Since the election of Sir Keir Starmer as leader of the Labour party earlier this year, there has been a lot of discussion online and in the media about the role Mr Starmer played in the Jimmy Savile scandal and the decision not to prosecute him in 2009. Our readers have asked us to look into this.
Mr Starmer was head of the Crown Prosecution Service (CPS) when the decision not to prosecute Savile was made on the grounds of “insufficient evidence”. The allegations against Savile were dealt with by local police and a reviewing lawyer for the CPS.
A later investigation criticised the actions of both the CPS and the police in their handling of the situation. It did not suggest that Mr Starmer was personally involved in the decisions made. The Labour party told us it could not comment on individual cases and the CPS said that records relating to the decision not to charge Savile were not kept, which the service said is in line with its data retention policy.
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The investigation into Savile
Mr Starmer was made Director of Public Prosecutions, head of the CPS, in 2008.
The CPS is responsible for prosecuting crimes in England and Wales. As part of this it decides which cases should be prosecuted and what defendants should be charged with. It is independent of the police and government.
In 2007 and 2008, Surrey Police investigated three complaints that Savile had “engaged in sexual behaviour with young girls”. During the same period, Sussex Police investigated a similar complaint involving a young woman.
Savile was interviewed under caution by police in October 2009 and denied wrongdoing. He was not arrested. No prosecution was brought in relation to any of the four complaints, on the grounds that none of the victims were “prepared to support any police action”, for example testifying in court.
Savile died in October 2011. Since his death, it has emerged that he sexually abused hundreds of children and women at locations including hospitals, schools and the BBC.
The review of the police investigation and CPS decision
In January 2013, after Savile’s death and when his abuse had been revealed, an investigation into whether the CPS had been right not to charge Savile in 2009 was published by Alison Levitt QC. She was asked to investigate this by Mr Starmer.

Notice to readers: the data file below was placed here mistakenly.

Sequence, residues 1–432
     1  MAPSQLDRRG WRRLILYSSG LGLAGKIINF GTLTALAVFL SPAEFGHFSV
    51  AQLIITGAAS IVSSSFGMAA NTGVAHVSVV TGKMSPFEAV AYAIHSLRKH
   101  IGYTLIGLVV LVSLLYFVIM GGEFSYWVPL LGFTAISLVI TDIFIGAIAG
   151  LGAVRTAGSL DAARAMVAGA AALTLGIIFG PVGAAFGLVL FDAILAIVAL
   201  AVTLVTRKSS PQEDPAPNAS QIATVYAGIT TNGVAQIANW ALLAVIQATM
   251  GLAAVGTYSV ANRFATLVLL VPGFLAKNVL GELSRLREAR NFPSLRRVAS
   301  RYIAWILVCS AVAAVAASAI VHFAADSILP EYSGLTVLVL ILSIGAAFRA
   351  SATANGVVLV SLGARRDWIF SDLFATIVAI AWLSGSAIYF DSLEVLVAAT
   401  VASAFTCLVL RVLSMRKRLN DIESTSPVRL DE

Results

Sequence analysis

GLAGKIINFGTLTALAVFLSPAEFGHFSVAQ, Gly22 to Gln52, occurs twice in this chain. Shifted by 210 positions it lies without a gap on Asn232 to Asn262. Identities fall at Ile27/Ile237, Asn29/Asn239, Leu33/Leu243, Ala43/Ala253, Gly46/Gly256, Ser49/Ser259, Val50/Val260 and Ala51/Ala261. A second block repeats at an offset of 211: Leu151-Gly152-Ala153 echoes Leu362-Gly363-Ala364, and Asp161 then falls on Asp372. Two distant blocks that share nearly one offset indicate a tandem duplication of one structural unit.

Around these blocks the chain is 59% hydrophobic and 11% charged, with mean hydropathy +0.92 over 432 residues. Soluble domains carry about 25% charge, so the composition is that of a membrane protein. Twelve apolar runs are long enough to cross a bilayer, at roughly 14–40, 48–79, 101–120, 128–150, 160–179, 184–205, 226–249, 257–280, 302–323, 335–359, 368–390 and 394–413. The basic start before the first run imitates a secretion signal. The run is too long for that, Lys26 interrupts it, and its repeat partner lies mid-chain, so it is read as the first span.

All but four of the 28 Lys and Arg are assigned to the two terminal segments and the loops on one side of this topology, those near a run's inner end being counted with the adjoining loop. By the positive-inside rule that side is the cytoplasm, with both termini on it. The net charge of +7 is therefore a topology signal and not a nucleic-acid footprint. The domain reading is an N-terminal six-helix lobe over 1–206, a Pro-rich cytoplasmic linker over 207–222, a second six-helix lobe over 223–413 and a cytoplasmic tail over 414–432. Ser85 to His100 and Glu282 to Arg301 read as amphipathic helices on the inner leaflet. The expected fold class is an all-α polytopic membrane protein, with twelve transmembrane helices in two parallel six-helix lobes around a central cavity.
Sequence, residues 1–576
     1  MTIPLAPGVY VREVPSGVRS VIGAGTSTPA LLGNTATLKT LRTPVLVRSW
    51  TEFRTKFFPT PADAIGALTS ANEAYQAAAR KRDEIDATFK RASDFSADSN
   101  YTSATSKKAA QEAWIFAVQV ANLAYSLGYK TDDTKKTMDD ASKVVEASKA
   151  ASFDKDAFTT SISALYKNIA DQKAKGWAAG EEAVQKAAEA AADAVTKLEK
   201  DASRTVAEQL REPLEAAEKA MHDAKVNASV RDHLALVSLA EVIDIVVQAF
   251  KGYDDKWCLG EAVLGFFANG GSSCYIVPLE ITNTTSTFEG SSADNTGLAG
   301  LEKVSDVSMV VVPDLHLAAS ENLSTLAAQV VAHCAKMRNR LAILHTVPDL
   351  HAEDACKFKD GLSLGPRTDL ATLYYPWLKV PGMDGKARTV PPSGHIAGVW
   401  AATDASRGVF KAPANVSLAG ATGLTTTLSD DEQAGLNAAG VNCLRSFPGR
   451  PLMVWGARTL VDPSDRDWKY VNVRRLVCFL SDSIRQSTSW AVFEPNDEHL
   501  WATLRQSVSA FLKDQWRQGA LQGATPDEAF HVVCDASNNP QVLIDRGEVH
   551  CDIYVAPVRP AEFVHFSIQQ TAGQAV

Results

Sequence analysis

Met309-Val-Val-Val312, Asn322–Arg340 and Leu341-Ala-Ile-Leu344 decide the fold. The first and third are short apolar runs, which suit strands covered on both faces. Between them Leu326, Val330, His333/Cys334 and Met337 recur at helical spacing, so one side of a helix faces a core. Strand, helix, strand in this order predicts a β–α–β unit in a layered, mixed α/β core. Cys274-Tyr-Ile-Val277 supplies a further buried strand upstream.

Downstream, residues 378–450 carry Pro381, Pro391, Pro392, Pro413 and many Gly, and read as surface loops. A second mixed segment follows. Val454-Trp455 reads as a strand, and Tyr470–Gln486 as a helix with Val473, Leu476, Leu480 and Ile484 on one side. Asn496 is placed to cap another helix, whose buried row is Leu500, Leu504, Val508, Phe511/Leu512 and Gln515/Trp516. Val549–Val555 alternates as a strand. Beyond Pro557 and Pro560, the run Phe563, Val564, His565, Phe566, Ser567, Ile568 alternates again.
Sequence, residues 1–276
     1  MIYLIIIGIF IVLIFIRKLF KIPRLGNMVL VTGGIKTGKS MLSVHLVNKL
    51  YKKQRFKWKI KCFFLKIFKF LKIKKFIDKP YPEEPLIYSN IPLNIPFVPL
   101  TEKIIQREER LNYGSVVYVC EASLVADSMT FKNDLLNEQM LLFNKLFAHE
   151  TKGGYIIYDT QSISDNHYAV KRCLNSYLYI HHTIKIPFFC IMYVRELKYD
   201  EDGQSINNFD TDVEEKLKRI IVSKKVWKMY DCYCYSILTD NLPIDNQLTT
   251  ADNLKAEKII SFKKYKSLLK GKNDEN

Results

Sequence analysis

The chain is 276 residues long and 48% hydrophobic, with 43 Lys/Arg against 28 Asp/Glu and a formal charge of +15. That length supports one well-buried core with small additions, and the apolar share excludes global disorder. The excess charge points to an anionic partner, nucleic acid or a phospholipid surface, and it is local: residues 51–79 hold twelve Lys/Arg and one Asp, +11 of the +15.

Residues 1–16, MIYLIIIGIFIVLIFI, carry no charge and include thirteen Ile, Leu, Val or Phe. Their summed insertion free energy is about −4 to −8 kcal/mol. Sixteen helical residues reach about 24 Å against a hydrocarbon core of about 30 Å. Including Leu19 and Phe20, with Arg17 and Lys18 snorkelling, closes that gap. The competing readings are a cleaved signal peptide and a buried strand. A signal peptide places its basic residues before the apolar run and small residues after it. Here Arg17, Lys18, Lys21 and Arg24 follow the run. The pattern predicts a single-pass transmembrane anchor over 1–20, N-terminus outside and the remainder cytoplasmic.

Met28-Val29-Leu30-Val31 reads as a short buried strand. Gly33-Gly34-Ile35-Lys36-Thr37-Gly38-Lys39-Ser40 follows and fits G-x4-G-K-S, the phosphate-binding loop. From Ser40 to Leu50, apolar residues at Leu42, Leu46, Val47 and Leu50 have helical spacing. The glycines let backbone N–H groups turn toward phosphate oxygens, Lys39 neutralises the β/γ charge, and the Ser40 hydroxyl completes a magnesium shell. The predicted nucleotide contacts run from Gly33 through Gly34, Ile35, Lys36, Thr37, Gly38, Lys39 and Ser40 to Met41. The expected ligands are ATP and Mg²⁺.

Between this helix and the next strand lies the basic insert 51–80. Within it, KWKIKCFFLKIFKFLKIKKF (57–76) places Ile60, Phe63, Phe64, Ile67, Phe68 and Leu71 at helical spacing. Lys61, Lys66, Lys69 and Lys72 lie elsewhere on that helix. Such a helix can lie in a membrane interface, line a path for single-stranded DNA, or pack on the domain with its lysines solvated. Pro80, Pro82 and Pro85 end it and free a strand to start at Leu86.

Ms Levitt said she had “reservations” about the prosecutor’s decision not to press charges.
She said: “On the face of it, the allegations made were both serious and credible; the prosecutor should have recognised this and sought to “build” a prosecution.”
She said the police treated the victims and the accounts they gave “with a degree of caution which was neither justified nor required”.
Three of the victims told her that if they had received more information from the police at the time of the investigation—and particularly if each had been told she was not the only woman who had complained—they would “probably have been prepared to give evidence.” Ms Levitt said that, in the case of two of the allegations, there would have been a “realistic prospect of conviction” if the women had given evidence.
“Having spoken to the victims I have been driven to conclude that had the police and prosecutors taken a different approach a prosecution might have been possible,” she wrote.
Ms Levitt is critical of the approach taken by both the CPS’ reviewing lawyer and the police in failing to build a prosecution against Savile in 2009, but said there was no evidence of any “improper motive on the part of either police or prosecutors”.
Following the review
When the investigation report was published in January 2013, Mr Starmer said in a statement that he accepted the conclusions and hoped it would be a “watershed moment” for the CPS.
He said: “I would like to take the opportunity to apologise for the shortcomings in the part played by the CPS in these cases.
“These were errors of judgement by experienced and committed police officers and a prosecuting lawyer acting in good faith and attempting to apply the correct principles. That makes the findings of Ms Levitt’s report more profound and calls for a more robust response.”
Later in 2013, the CPS updated its guidance on prosecuting child sexual abuse in England and Wales.
What Labour and the CPS said
Full Fact reached out to Labour and the CPS to see if they could give any further information about the case and if Mr Starmer had any involvement beyond his role as head of the CPS.
A spokesperson for the CPS said that, “in line with the established data retention policy”, none of the records for the decision not to charge Savile in 2009 were kept.
He added: “There is no reference within the [investigation] report to any involvement from the DPP in the decision-making in the case. The reviewing lawyer at the time set out their own reasons for the decisions they took, which are reproduced in the report.”
A spokesperson for the Labour party said they could not comment on individual cases, but insisted Mr Starmer “put victims at the heart of the judicial system” during his time as DPP, including improving support for victims of sexual and domestic violence and introducing a right for victims to challenge CPS decisions.
Image courtesy of UK Parliament.